If you go
What: Icky Blossoms w/ Rubblebucket and Reptar
When: 9 p.m. Friday
Where: Bluebird Theater, 3317 E. Colfax Ave., Denver, 303-377-1666
Cost: $15-$17

To hear singer Sarah Bohling tell it, the Icky Blossoms fell together almost by accident.

The Omaha, Neb., electro rockers only played two shows together before the trio was approached by Saddle Creek Records to ink a deal. Before that, guitarist and singer Derek Pressnall and guitarist Nik Fackler were focused on another band, Flowers Forever. They invited Bohling to join them for a few gigs, and Icky Blossoms morphed from there.
“I kind of played one or two shows with them. It was more of a gypsy-punk-psychedelic type thing,” Bohling said. “Right when I joined them, they started wanting to use a computer and make beats so that people would move more, and the crowd responded, so they decided we should make something new.”
The trio got to writing as Icky Blossoms with seemingly little direction other than going electro. The serendipitous approach is working for them, though, because as tricky as it might be to describe Icky Blossoms without hyphenating several genres, it’s simple enough to figure out that it’s hook-laden, danceable goodness.
“We all have very separate major influences,” Bohling said. “I really wasn’t even that into electronic music. I knew some stuff, but I was more — I don’t know, it really wasn’t my vibe, but they were like, ‘Come on. Go on this journey with us.’ I feel like we try to pull from all sorts of genres and make something with a beat.”
The creative process gets started with the three of them throwing things together and seeing if they’ll fall into place.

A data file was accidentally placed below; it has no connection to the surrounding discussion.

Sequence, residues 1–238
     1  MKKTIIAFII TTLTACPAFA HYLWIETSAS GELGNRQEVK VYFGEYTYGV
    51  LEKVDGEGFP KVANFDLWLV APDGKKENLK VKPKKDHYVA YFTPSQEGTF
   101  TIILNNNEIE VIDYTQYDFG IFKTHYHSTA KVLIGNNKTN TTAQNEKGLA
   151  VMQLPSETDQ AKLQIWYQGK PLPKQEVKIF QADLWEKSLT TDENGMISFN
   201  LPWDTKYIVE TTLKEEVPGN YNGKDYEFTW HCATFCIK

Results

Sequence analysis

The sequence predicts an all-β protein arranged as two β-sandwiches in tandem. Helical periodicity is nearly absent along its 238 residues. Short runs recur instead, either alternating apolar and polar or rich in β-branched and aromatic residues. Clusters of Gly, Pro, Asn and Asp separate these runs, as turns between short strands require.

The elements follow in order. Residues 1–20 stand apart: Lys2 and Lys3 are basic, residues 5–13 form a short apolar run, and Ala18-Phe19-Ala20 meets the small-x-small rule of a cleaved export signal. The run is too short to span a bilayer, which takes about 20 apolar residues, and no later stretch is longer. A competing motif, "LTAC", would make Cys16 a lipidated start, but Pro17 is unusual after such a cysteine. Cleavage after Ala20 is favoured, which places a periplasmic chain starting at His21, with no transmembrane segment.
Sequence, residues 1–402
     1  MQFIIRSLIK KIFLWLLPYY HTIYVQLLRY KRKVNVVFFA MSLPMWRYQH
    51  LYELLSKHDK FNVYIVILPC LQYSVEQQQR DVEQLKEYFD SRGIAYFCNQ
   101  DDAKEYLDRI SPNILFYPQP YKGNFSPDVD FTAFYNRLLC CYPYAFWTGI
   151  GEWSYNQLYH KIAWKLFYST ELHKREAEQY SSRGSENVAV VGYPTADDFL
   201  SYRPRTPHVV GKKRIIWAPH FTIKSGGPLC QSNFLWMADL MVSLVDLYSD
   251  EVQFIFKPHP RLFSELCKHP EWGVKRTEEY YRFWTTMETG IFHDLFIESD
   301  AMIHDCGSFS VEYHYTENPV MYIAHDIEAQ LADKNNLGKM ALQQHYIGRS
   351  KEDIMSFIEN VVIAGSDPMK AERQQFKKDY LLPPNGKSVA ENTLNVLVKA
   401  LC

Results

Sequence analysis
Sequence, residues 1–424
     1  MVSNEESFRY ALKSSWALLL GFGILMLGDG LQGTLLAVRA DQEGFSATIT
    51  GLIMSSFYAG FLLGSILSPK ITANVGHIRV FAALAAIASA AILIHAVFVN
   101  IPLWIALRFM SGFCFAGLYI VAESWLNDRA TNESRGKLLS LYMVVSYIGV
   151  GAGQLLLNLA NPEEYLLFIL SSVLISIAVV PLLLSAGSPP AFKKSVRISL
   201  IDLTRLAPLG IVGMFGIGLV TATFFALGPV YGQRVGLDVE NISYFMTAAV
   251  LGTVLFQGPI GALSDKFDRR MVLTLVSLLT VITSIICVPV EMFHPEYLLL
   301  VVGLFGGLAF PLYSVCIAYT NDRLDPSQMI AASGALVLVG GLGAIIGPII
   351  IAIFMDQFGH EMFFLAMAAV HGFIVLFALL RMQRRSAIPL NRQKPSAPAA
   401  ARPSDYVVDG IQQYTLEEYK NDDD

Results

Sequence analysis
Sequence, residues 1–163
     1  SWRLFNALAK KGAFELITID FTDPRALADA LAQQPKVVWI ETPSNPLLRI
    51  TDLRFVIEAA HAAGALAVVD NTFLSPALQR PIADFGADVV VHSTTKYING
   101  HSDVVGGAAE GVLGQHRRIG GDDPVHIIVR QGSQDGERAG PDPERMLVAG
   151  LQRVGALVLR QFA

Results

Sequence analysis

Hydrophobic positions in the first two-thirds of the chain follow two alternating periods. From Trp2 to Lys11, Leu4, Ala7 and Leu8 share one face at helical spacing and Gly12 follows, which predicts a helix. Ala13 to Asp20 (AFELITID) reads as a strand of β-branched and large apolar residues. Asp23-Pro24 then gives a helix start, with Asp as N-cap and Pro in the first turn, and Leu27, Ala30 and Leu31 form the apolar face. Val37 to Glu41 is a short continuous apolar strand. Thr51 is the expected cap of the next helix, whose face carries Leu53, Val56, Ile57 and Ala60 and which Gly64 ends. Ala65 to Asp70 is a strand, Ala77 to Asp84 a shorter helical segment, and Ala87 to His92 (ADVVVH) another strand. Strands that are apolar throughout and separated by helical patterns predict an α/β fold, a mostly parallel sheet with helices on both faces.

“Sometimes we’ll come up with a lyric or another song from the past, and we’ll say, ‘Let’s make something like that,’ or someone has a hook or melody they like and we’ll dwell on it,” Bohling said. “We’ll get together all the time — not just for practice, but around the computer, the fireside.”
So from Icky Blossoms, you get a modern, electro version of songs around the campfire. For them, in 2012, that means sitting down with guitars around the laptop instead.
Icky Blossoms still put a lot of thought and effort into their self-titled debut record, which has only been out for a month and a few. The trio worked with TV on the Radio’s Dave Sitek to record and produce it.
“We were super stoked, and he basically let us move in with him for a month,” Bohling said. “We just worked every day and just kind of experimented and it just came together with perfect timing.”
They’ve been on the road in short spurts ever since, and the crowds welcome Icky Blossoms with a dance party.
“It’s been going great, pretty seamlessly. We’ve gotten really sweet crowd responses,” Bohling said. “Our goal is to get people to dance at all. We dance on stage. I feel like we’re pretty active. If people wanna use that as a mirror, by all means.”

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